After reading a damning review in the Times of Jason Atherton’s new venture last week, I was left wondering what purpose is served by a bad restaurant review.
Certainly they’re funny, as long as they’re well written. It gives us a delicious sense of schadenfreude, as we shudder to think about the poor chef whose livelihood is about to go up the spout because someone didn’t like their steak. But are they really fair?
In English lessons we were told that no opinion was ever wrong, because literature was subjective to the reader. One man’s Hardy is another man’s Jilly Cooper. Surely the same thing can be said about food?
Admittedly, it’s unlikely that anyone is going to argue that bad service, or a cold main course, or a forty minute wait for a cocktail is ever acceptable. But when restaurant reviewers begin to criticise the dishes, is when I begin to question the point of the review.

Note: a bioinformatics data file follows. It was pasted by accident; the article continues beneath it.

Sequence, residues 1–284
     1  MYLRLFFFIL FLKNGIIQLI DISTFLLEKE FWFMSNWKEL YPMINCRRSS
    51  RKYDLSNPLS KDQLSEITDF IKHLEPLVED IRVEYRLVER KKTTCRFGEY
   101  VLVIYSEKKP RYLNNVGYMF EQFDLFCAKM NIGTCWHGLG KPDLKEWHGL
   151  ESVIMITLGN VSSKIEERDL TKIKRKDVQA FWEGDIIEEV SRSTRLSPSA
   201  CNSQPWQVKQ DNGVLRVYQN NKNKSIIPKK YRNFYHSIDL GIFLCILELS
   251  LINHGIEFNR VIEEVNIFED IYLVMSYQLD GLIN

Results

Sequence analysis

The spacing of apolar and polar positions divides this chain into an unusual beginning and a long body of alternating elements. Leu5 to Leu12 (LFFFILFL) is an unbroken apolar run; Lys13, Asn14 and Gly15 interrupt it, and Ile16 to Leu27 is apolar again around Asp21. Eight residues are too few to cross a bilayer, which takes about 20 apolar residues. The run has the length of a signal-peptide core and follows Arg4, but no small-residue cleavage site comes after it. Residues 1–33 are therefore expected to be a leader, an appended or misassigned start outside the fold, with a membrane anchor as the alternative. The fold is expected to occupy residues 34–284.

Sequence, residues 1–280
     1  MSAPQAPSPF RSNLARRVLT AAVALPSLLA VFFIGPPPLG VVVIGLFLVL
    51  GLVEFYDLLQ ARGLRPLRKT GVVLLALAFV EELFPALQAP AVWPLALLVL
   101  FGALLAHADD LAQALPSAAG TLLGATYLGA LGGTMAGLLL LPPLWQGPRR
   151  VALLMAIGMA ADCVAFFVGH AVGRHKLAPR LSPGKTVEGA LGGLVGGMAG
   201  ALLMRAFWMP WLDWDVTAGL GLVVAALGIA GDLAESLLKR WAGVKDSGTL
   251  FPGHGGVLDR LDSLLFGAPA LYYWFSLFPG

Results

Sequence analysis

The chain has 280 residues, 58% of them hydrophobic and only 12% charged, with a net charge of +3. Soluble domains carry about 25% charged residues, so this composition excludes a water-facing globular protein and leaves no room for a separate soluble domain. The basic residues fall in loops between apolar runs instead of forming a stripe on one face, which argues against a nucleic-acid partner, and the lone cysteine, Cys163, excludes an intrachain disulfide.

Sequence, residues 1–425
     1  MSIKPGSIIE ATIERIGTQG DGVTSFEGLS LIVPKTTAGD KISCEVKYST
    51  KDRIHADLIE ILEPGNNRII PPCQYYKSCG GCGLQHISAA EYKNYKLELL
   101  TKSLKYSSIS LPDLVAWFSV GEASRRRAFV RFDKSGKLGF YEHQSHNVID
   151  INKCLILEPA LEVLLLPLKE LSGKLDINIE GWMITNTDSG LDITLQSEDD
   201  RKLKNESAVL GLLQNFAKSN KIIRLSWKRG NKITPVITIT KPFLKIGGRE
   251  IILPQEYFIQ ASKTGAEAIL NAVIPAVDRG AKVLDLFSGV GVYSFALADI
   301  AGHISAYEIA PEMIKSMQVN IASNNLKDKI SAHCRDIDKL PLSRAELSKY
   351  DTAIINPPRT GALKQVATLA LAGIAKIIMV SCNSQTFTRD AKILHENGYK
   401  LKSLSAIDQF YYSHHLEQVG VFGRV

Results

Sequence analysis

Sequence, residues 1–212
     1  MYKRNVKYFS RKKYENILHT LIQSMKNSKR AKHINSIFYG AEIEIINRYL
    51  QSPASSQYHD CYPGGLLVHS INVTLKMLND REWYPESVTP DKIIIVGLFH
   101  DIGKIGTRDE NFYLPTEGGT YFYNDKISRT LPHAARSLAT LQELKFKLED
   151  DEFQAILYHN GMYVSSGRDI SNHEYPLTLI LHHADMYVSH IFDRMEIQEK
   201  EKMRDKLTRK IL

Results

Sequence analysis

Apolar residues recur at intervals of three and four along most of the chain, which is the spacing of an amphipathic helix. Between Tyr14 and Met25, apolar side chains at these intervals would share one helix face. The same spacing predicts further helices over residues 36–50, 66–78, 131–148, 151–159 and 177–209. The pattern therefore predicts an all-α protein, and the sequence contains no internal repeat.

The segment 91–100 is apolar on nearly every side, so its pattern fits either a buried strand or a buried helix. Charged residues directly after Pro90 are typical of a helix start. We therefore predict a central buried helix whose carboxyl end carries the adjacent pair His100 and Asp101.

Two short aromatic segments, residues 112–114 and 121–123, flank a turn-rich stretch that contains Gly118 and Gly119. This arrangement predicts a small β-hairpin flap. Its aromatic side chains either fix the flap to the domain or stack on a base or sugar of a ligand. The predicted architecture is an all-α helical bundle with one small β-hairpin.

So what if you don’t think that vanilla salt goes with a chocolate pudding? Or if you don’t like the size of the sharing plates. Evidently someone did, which is why they’re on the menu, and who knows, maybe quite a lot of other people like it too. It’s hardly fair for one person’s taste, simply because it’s put into print, to influence the number of people that it can.
And chefs, like everyone else, are subject to human error. Imagine you had a bad day at work, and somebody wrote a double page spread about how hopeless you’d been. And since reviews are mostly about new openings, imagine that this was your second week in a new job. It’s not really on, is it? Surely it’s far better to say nothing at all?
Of course I’m not suggesting that if restaurants serve sub-standard food, or have waitresses who look at you like you might possibly be leperous they should be allowed to get away with it, I simply think that people should be able to form their own opinions.
So, in the spirit of that, I welcome yours.